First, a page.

Couple Faces $700 Tab For Listing Copy Of Rosetta Stone They Didn't Know Was Pirated

A Washington state couple thought that when they found a copy of the pricey Rosetta Stone language-instruction software in their late nephew’s belongings, they could sell it on eBay to help pay for his headstone. Instead, they are now being told they owe hundreds of dollars to the software company because the copy they listed is allegedly pirated.

The couple tells The Columbian that they thought the Rosetta Stone software was legitimate when they compared it to other listings on eBay.

But it was only posted for a few days before eBay pulled the item, followed by a cease-and-desist letter.

The wife, who has sold items on eBay before and claims to have a positive feedback rating, tells the paper, “We’d have to be really dumb to intentionally sell stolen software so openly.” Especially when Rosetta Stone operates its own eBay storefront where it sells the software for hundreds of dollars a copy.

When the couple contacted Rosetta Stone, they were told they had two options: Pay $1,000 over 10 months or pay $800 now.

They tried to explain that they did not have that sort of money. Otherwise, they would not have been trying to sell the software for the headstone fund.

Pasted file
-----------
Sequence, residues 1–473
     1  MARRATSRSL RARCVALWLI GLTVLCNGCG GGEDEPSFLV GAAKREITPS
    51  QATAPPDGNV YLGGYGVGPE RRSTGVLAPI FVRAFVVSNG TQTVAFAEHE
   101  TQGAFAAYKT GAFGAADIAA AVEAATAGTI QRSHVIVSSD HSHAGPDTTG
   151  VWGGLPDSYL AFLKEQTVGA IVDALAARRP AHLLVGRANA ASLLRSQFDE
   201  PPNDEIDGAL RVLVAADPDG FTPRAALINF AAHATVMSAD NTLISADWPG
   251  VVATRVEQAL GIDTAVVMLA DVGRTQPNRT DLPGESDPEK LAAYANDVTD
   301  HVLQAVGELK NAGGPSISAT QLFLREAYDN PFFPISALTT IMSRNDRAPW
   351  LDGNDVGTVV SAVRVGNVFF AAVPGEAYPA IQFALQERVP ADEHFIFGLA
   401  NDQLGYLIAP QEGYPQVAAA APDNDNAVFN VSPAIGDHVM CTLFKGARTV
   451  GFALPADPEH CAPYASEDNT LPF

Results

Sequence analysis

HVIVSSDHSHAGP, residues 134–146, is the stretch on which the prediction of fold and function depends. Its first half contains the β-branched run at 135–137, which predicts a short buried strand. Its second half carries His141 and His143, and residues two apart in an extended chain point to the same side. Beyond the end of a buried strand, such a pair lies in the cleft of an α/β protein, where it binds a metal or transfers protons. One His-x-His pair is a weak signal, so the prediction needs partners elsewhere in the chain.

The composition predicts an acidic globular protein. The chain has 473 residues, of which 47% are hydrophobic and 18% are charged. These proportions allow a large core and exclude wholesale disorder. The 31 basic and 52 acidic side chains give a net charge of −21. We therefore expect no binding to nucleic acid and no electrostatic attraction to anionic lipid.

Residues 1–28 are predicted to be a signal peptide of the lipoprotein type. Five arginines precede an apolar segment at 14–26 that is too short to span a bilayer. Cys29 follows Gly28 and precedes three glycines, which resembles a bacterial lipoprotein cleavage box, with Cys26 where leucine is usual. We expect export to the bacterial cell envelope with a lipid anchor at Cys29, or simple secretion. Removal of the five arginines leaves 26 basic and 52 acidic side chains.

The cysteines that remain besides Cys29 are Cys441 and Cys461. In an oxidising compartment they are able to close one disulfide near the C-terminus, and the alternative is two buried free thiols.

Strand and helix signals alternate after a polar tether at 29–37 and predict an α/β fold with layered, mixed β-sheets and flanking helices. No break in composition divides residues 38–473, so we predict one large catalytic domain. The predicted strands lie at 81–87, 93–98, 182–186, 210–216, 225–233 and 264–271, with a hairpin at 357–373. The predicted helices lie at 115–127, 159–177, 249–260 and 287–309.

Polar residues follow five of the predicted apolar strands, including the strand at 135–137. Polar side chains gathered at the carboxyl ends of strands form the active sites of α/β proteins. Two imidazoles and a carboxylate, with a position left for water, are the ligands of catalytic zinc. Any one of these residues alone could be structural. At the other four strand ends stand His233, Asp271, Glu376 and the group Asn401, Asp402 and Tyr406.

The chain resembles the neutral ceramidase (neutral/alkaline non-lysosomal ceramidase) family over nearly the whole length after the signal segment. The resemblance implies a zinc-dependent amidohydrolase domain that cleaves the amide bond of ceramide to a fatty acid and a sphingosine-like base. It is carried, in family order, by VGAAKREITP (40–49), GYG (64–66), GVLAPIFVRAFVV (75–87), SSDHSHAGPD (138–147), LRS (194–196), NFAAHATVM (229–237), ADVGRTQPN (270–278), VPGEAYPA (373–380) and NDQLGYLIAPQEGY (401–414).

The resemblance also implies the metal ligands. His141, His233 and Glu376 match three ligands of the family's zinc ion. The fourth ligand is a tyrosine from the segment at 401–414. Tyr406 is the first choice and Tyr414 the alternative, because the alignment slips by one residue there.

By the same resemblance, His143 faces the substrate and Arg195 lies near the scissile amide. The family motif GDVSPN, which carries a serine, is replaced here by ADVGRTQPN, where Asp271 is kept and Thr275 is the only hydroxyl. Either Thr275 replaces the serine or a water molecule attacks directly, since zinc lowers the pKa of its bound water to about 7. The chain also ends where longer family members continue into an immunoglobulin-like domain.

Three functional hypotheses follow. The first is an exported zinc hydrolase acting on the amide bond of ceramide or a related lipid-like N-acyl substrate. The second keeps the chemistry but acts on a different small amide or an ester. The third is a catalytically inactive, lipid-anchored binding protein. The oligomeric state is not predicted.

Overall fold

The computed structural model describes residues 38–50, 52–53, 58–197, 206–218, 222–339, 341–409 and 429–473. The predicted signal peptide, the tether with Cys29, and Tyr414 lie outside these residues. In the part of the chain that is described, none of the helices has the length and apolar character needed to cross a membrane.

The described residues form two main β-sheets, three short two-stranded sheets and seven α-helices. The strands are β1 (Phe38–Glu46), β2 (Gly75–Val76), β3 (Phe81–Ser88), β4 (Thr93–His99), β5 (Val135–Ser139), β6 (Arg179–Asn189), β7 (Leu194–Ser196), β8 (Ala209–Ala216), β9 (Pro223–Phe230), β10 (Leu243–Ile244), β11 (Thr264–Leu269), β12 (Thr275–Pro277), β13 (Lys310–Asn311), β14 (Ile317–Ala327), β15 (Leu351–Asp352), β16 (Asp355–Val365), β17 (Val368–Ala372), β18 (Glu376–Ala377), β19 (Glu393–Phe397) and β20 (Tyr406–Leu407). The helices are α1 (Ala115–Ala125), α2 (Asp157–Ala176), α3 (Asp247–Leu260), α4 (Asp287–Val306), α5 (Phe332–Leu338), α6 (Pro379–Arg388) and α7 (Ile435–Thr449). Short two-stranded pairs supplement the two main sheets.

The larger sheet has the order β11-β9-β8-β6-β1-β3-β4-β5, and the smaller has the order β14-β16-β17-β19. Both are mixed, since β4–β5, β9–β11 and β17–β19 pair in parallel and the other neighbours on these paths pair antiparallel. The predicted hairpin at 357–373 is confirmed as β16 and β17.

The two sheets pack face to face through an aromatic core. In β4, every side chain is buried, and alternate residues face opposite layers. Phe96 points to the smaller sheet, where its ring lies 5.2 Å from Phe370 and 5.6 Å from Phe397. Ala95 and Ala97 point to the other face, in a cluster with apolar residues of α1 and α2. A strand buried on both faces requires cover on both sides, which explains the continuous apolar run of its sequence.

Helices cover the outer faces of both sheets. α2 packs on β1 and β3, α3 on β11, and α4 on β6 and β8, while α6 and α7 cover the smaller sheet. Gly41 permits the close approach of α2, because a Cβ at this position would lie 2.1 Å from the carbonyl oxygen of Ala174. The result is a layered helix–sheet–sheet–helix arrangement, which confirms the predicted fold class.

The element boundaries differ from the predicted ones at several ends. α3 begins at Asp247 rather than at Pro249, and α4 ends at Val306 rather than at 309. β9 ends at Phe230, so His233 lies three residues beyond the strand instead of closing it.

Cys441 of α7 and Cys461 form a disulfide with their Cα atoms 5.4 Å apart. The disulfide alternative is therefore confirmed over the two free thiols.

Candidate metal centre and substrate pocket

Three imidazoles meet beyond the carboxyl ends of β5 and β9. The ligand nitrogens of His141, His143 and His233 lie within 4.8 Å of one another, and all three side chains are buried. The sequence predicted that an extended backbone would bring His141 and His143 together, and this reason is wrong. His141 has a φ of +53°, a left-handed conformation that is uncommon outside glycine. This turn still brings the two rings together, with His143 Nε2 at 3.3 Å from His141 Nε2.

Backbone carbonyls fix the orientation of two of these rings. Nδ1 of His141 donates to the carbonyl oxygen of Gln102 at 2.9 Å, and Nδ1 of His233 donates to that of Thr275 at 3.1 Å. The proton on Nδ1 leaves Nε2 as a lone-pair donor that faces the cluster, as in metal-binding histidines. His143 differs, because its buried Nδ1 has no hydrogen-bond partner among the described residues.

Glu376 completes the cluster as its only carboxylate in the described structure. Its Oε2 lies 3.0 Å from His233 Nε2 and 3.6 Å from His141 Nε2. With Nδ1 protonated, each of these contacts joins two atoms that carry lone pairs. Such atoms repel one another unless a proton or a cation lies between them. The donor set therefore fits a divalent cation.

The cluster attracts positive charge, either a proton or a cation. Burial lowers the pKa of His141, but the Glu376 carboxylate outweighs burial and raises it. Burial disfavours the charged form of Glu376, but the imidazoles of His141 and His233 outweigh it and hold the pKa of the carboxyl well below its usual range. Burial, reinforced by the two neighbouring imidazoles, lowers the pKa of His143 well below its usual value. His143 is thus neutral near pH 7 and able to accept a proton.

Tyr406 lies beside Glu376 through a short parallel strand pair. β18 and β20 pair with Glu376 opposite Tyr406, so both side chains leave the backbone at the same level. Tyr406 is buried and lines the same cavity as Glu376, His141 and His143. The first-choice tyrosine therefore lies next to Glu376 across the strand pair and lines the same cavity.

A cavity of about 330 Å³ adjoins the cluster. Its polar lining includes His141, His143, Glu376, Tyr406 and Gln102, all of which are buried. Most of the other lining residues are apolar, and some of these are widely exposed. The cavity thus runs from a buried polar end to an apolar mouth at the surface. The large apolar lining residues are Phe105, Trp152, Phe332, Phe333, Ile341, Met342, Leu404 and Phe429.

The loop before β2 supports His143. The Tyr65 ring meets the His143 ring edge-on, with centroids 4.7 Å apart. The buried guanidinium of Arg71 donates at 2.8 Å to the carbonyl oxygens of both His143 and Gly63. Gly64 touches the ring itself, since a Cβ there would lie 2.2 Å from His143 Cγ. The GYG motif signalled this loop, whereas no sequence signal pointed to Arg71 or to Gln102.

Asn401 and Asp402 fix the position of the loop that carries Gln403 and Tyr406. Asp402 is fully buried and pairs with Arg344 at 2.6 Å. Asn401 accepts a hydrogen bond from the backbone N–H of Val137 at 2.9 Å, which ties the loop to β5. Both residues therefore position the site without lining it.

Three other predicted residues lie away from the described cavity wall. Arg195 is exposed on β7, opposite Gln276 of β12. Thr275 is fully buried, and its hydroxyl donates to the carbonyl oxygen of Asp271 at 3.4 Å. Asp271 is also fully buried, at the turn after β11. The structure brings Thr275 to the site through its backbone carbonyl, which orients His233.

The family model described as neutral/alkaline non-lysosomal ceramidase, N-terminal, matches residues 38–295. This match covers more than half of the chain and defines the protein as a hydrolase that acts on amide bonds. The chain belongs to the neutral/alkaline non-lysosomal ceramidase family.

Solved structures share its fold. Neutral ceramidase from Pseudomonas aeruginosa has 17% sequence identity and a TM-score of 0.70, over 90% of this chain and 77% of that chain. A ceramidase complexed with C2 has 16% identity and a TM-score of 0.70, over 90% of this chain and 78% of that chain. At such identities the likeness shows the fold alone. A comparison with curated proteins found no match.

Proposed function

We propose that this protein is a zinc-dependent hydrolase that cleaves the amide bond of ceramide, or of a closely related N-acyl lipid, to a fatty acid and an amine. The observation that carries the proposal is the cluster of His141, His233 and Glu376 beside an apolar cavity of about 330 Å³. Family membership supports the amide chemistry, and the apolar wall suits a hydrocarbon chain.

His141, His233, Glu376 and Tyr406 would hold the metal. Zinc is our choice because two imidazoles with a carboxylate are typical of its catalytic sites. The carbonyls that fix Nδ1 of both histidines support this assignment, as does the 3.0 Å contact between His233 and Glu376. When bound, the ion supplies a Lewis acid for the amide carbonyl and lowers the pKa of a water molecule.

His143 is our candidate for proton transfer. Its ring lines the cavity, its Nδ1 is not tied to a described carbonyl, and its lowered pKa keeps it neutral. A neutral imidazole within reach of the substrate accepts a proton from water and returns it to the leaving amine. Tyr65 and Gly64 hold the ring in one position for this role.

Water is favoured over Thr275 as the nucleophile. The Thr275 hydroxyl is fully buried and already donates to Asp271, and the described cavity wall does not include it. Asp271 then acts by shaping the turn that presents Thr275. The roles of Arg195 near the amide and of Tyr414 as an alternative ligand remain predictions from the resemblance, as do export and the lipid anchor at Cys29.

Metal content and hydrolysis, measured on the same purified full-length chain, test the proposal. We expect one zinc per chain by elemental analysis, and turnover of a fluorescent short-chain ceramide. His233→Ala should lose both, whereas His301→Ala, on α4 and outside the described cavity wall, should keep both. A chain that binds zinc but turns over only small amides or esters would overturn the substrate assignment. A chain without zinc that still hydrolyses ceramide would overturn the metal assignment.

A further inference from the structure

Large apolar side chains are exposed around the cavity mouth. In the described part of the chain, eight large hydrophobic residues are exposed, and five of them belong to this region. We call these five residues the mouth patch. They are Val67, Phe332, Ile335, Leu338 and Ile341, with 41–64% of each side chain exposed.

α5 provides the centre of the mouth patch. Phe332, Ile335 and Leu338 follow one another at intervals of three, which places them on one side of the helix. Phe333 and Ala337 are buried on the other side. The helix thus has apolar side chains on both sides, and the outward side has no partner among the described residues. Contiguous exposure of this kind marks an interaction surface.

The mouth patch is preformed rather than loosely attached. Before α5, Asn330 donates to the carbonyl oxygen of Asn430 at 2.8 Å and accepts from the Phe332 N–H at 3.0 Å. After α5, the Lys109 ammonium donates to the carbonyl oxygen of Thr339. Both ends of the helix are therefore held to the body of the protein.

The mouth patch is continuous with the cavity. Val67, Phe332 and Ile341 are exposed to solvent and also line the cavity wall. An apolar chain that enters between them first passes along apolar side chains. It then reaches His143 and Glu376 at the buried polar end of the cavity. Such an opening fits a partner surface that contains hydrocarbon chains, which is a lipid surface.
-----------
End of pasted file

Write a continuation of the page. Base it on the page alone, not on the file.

A second call got the amount reduced to either $700 spread over 10 months or a lump sum of $500.

The company tells The Columbian, “Rosetta Stone is in an ongoing dialogue with the parties involved in this particular case to potentially resolve the issue so that counterfeit software is no longer being offered by this individual to unsuspecting consumers.”

According to the story, Rosetta Stone decided the software was pirated solely based on pictures the couple uploaded to eBay. To us, that doesn’t exactly sound like a thorough investigation, as eBay sellers are sometimes not the best photographers and will post representative images taken from product websites.

So even if Rosetta Stone is correct and the software is pirated, it seems ethically dubious to us to demand hundreds of dollars from someone based on just a photo, especially when the item was never actually sold.

Felida couple face punishment for good intentions [Columbian.com]

Thanks to Stephanie for the tip!